But I'd also worked out that a sub 4hr time might just be possible, it would be tight, I wouldn't be able to have any of the walk breaks I'd promised myself and even then I was aware that my pace had dropped off so it was going to take everything I could throw at it.  I told myself that, for every minute over 4hrs, I would have to run an extra lap tomorrow.  Oh yes, this nutter is back in Walton-On-Thames planning to run a lap or two at the Donut Dash.  I have a busy day tomorrow - hence only planning a couple of laps.  

The last lap was bloody hard work.  I was grateful for the tailwind.  When I had a mile to go I couldn't feel my hands.  I had a handheld water bottle in my hand and couldn't feel that either.  I kept glancing at my watch - trying to work out if I could still do it, I thought I could.  As I rounded the last corner I was pretty sure I had it in the bag, but was taking no chances.  I like to think it was a sprint to the line.  I called out to ring the bell as I passed the finish - mainly because I couldn't let go of the water bottle as my hands weren't playing - I did ask someone to stop my Garmin for me!  
I'd done it!  3hrs 58mins and 50 seconds!  I felt ghastly.  I think Rik may have been worried that I was about to vomit on his very well stocked aid station!  It took over half an hour to get rid of the tingles and regain the feeling in my hands and what felt like several hours to walk back to the car!  The medal is awesome, tomorrow's medal has a lot to live up to!  

I managed to finish before the rain started too - so that was a bonus!  I did leave my water bottle behind somewhere though so I decided to celebrate by buying a new one, and two new pairs of running socks.  Don't say that I don't know how to party!

Sunday update.

Do I have to get up and run?  I've got to pack for a week away... surely an extra hour in bed and a morning spent organising myself would be a better use of time?  And did I mention that my knee hurts?

Turns out that arguing with oneself doesn't mean one wins the argument.  The part of me that said 'Nonsense dear, you've paid good money to enter this race, and you need to loosen up your stiff legs anyway.  Plenty of time to panic pack later.'  So I found myself at the Xcel Leisure Centre for a second morning running - gratifying to have so many people congratulate me on yesterday and wonderful to see a friend I hadn't known was coming. My poorly knee, which had felt almost 100% better until yesterday, made walking uncomfortable (I've got tendonitis), but I thought I could probably manage a couple of laps.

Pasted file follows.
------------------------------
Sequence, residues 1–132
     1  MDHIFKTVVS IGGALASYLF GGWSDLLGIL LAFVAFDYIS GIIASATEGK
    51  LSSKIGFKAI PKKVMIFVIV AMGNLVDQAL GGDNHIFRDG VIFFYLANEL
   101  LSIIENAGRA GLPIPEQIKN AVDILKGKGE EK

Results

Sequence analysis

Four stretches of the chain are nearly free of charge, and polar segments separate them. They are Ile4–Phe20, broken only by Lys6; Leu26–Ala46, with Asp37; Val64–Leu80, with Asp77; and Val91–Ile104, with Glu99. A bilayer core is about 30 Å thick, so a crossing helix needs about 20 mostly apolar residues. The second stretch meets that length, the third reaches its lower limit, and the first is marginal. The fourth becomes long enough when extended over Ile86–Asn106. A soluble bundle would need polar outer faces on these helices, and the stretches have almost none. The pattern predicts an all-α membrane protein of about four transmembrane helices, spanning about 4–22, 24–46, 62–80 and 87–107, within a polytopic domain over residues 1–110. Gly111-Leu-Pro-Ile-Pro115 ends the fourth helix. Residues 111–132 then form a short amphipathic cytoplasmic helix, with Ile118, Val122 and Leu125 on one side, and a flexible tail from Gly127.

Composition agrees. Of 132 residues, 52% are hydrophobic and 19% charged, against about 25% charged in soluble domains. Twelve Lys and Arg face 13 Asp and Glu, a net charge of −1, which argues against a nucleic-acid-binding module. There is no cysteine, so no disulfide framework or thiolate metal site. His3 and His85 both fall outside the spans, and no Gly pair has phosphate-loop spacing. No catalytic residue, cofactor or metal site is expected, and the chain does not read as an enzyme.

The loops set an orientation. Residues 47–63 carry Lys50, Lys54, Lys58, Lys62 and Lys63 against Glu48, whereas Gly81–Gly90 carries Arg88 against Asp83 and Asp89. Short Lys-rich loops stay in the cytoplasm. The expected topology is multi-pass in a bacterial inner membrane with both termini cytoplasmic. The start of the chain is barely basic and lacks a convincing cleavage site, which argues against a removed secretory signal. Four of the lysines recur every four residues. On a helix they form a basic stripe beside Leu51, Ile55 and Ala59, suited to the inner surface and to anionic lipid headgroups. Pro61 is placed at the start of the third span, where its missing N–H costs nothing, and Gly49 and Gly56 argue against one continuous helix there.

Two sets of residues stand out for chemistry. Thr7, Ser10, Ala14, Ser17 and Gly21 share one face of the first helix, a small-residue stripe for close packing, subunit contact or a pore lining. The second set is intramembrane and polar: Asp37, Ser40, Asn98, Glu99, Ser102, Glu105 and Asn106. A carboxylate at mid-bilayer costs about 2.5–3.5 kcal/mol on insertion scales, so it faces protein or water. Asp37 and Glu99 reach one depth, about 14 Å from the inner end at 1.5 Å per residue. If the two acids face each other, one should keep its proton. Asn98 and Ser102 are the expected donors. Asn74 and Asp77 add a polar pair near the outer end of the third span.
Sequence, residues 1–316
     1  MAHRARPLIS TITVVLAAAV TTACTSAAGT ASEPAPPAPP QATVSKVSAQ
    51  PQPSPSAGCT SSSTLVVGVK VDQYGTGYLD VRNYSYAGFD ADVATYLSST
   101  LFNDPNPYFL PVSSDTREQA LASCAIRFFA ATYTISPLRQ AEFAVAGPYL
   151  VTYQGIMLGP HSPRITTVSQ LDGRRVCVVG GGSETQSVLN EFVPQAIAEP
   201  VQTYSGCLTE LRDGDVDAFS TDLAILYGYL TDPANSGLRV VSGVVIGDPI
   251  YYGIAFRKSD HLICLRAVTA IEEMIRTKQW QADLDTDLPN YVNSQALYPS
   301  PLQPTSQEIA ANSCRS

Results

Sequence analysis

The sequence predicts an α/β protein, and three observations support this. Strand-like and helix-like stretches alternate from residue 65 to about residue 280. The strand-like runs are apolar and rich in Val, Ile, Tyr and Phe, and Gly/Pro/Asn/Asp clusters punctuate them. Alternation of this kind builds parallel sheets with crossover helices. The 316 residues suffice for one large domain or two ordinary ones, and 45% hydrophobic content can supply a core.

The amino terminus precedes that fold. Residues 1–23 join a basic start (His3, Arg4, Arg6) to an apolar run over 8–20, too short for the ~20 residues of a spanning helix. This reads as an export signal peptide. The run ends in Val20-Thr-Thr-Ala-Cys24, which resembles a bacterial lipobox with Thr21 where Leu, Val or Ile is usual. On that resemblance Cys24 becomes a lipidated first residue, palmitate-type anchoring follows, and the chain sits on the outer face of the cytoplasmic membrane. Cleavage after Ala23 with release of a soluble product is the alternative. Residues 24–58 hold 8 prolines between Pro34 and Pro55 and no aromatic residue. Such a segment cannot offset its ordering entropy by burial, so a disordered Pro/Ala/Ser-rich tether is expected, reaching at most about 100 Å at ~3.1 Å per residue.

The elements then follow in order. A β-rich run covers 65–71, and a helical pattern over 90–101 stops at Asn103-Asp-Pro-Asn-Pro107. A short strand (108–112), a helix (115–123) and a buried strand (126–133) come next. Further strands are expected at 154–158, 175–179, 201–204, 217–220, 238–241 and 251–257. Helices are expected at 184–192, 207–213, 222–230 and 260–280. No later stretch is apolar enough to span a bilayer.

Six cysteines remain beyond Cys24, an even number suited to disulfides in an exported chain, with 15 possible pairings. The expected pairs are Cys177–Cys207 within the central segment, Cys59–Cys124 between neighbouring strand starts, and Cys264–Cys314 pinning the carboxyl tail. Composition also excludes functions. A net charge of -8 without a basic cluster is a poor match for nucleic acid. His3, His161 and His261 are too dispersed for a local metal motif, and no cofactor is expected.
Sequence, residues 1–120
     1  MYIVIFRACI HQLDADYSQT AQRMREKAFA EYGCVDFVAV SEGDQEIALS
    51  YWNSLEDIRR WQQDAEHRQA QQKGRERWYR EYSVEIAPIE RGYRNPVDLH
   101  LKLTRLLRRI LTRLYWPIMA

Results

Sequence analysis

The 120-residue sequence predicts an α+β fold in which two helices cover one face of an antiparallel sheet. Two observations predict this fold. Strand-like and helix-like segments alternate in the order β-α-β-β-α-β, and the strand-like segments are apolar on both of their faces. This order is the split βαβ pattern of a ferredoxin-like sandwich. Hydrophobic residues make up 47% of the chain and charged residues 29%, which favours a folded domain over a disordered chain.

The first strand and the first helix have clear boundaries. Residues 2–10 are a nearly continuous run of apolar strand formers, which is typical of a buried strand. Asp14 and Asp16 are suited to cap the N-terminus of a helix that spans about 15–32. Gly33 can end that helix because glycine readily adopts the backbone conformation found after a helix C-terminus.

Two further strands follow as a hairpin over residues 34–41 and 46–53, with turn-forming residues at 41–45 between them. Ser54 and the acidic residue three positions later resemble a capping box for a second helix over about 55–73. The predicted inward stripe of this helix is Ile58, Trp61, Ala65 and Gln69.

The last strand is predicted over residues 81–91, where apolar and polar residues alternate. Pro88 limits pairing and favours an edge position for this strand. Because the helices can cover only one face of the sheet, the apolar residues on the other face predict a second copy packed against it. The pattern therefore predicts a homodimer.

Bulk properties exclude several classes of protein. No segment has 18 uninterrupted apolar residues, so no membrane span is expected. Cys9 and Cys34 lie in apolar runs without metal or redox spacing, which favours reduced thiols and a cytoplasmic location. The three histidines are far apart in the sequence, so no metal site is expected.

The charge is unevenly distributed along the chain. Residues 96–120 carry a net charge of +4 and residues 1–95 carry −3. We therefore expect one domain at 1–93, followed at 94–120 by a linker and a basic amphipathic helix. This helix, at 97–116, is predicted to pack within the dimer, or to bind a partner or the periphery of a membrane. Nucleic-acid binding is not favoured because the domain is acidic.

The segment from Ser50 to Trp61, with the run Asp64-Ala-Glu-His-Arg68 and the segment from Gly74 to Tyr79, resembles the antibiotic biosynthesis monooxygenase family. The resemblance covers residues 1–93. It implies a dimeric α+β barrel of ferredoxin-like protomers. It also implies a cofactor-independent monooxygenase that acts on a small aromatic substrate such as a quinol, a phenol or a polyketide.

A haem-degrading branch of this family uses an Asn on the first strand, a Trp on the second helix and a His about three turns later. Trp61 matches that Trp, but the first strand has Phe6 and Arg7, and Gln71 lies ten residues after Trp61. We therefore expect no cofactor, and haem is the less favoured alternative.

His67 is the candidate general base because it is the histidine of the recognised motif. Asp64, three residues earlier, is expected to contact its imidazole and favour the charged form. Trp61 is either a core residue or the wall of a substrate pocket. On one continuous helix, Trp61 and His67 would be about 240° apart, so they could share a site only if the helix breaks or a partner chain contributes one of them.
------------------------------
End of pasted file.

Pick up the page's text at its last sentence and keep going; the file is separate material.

Today's race was a battle run. 50% of the runners would turn left on the blue bridge route, the rest would head off to do their laps in the direction of Hampton Court, guess which route I got?  Yup, the blue bridge of doom!  Ah well, at least the wind had dropped a bit, but it had been replaced by grey skies and a persistently annoying drizzle.  There were fewer runners than yesterday and that, coupled with us going in both directions meant that the course was a lot less crowded.

My run didn't go well.  My knee hurt and I felt sick almost as soon as I started running.  I decided before I got to the blue bridge that I would be sensible and stop after one lap.  The week ahead is going to be physically demanding enough without crippling myself first.  Or crippling myself any further - a dodgy elbow from falling in the ice and tendonitis in the knee = almost entirely fit and healthy doesn't it?   So, just 3.3miles in 29 minutes, neither fast nor far, but finished and I have a fabulous medal to show for it!

The doughnuts looked fabulous! I'm not a fan so didn't partake, but there were boxes and boxes of them so this could be one of those races where you go home weighing more than you did when you arrived!  Well done Rik and crew!  If you are a doughnut fan then manning the aid station will be torture!  The medals are excellent - double sided too.

Right, now back to the packing....